Sedentary Work Exerting up to 10 pounds (4.5 kg) of force occasionally and/or a negligible amount of force frequently or constantly to lift, carry, push, pull, or otherwise move objects, including the human body. Sedentary work involves sitting most of the time, but may involve walking or standing for brief periods of time. Jobs are sedentary if walking and standing are required only occasionally and other sedentary criteria are met.

Light Work Exerting up to 20 pounds (9.1 kg) of force occasionally and/or up to 10 pounds (4.5 kg) of force frequently, and/or negligible amount of force constantly to move objects. Physical demand requirements are in excess of those for Sedentary Work. Light Work usually requires walking or standing to a significant degree. However, if the use of the arm and/or leg controls requires exertion of forces greater than that for Sedentary Work and the worker sits most the time, the job is rated Light Work.

Medium Work Exerting up to 50 (22.7 kg) pounds of force occasionally, and/or up to 25 pounds (11.3 kg) of force frequently, and/or up to 10 pounds (4.5 kg) of forces constantly to move objects.

Heavy Work Exerting up to 100 pounds (45.4 kg) of force occasionally, and/or up to 50 pounds (22.7 kg) of force frequently, and/or in excess of 20 pounds (9.1 kg) of force constantly to move objects.

Very Heavy Work Exerting in excess of 100 pounds (45.4 kg) of force occasionally, and/or in excess of 50 pounds (22.7 kg) of force frequently, and/or in excess of 20 pounds (9.1 kg) of force constantly to move objects.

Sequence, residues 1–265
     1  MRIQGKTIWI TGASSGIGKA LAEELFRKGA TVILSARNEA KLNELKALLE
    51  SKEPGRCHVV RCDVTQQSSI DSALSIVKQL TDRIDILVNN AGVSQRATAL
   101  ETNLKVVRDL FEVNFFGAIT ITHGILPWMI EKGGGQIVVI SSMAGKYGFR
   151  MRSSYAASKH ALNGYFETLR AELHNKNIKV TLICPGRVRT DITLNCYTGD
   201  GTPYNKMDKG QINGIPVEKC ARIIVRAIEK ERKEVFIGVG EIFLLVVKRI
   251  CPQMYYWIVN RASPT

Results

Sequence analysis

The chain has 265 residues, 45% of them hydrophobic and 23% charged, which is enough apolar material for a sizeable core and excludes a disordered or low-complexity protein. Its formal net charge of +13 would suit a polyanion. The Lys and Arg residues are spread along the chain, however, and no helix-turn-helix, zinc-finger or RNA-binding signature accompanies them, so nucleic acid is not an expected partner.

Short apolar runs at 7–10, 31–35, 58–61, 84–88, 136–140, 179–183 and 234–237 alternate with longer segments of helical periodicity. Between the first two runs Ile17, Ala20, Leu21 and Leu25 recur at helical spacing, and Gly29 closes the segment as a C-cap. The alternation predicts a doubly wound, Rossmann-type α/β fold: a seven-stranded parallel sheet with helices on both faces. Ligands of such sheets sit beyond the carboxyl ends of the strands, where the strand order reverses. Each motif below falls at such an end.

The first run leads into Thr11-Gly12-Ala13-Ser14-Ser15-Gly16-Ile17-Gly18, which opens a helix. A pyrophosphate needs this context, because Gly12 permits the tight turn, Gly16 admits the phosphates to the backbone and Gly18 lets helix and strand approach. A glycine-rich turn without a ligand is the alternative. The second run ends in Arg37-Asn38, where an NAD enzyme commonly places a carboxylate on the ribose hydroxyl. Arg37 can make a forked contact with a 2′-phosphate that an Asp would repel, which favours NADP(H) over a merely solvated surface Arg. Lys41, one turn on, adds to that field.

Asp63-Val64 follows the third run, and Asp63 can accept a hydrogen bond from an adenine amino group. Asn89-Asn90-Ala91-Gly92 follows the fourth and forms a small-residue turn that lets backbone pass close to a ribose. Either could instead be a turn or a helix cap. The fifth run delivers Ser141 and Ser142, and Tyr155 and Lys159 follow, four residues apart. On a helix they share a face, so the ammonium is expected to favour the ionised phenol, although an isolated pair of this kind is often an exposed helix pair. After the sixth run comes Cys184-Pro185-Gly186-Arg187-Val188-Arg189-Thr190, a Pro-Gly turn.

Job Classification

In most duration tables, five job classifications are displayed. These job classifications are based on the amount of physical effort required to perform the work. The classifications correspond to the Strength Factor classifications described in the United States Department of Labor's Dictionary of Occupational Titles. The following definitions are quoted directly from that publication.

Sedentary Work Exerting up to 10 pounds (4.5 kg) of force occasionally and/or a negligible amount of force frequently or constantly to lift, carry, push, pull, or otherwise move objects, including the human body. Sedentary work involves sitting most of the time, but may involve walking or standing for brief periods of time. Jobs are sedentary if walking and standing are required only occasionally and other sedentary criteria are met.